2011 ATSE Clunies Ross Award: Antony Burgess, Ashley Dunn, Nicholas Gough - Medical Research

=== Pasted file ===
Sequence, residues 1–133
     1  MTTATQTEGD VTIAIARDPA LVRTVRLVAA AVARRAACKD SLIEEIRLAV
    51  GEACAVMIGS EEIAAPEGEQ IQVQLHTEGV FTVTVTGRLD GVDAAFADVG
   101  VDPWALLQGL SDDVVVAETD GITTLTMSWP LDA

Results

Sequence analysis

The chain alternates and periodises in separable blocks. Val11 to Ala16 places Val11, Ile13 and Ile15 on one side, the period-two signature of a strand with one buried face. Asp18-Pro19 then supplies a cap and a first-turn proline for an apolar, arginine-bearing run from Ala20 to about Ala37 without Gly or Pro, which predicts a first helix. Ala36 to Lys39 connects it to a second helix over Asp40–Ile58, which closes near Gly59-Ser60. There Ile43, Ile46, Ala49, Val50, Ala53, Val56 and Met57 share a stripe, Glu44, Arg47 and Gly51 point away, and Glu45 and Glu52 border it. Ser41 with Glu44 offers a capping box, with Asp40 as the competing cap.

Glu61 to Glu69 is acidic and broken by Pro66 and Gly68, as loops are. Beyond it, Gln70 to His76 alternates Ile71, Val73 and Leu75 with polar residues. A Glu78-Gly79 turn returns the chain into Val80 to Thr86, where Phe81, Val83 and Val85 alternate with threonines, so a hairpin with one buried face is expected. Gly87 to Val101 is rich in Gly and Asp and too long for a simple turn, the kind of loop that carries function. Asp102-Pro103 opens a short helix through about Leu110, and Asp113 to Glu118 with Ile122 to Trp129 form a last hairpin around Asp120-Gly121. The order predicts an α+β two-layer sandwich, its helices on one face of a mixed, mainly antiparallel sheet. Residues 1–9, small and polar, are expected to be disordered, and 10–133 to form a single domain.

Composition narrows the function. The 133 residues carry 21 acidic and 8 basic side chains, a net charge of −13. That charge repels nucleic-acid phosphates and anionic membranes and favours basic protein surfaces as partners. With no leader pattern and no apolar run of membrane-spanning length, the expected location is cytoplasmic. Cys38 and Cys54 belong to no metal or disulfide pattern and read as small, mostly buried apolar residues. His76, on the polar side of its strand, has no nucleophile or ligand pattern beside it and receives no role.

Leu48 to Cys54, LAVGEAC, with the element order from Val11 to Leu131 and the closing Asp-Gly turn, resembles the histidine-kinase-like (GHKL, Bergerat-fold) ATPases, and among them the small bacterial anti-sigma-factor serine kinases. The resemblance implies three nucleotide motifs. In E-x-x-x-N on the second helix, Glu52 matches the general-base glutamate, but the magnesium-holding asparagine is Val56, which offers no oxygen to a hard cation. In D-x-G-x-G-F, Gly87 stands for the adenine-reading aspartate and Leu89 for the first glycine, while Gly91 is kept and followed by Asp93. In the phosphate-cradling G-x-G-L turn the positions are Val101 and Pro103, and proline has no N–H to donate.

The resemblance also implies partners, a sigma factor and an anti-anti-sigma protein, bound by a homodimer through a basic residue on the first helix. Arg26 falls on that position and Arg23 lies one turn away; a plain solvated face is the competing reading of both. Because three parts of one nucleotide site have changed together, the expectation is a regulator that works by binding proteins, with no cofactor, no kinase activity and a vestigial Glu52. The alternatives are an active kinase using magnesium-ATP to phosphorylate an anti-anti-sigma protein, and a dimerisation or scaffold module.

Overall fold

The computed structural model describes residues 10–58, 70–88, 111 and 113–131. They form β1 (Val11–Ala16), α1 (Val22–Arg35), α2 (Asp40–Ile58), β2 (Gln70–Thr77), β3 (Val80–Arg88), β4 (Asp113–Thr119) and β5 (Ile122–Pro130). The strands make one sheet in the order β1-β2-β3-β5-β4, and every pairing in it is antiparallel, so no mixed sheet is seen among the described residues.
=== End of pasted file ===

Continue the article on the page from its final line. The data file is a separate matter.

Professor Antony Burgess, Professor Ashley Dunn and Dr Nicholas Gough were the scientists who first purified and cloned GM-CSF, patented it and continued developing the biology of GM-CSF to guide current and future clinical uses of this agent. The process started in the early 70s when Professor Burgess spent a decade working through the technically challenging task of purifying to homogeneity the minute amounts of GM-CSF present in mouse lungs. Despite many sceptics insisting that it was a fruitless task due to the extremely low abundance, Professor Burgess and his team persevered. When new technology was developed in the US, he teamed with Leroy Hood at the California Inmstitute of Technology (Caltech) to use gas-phase sequencing to determine the N-terminal portion of the amino acid sequence of GM-CSF. In 1982 Drs Dunn and Gough teamed up to build on Professor Burgess’ work by cloning the GM-CSF gene. At that time cloning genes remained highly challenging, but they resolved to isolate the cDNA clone corresponding to GM-CSF. As only minute amounts of the protein, had been purified, only the N-terminal quarter of its amino acid sequence could be determined by Burgess and Hood to guide the search for the cDNA. However, the trio went about their research with enthusiasm and a flair for problem solving that buoyed their team and allowed for sustained progress. The biological source for making the cDNA library was critical due to the likely very low abundance of the cognate messenger RNA. Fortunately, the library they constructed was superb, and indeed two of the 100,000 clones screened proved to encode GM-CSF. Their subsequent Nature paper not only described the cloning but unequivocally established that GM-CSF was a specific regulator of white blood cell production. The success of their research changed the field of experimental haemopoiesis and cancer treatment forever and provided another means of treating cancer patients. Several companies and clinicians recognised the potential of GM-CSF as a therapeutic agent to assist patients with low white blood cell counts, especially after bone marrow transplantation. This knowledge encouraged the trio to request that the Ludwig Institute for Cancer Research (LICR) patent their discovery, an undertaking which was then quite foreign to medical researchers. Despite stiff competition from rival research institutes and biotechnology companies, the application was ultimately successful. Professor Dunn subsequently used molecular genetics to explore the role of GM-CSF in physiological systems, and together with his students engineered both mice making excess GM-CSF and mice making none. Analysis of these animals connected GMCSF to tissue inflammation and revealed its essential role in the normal clearance of surfactant from the lungs.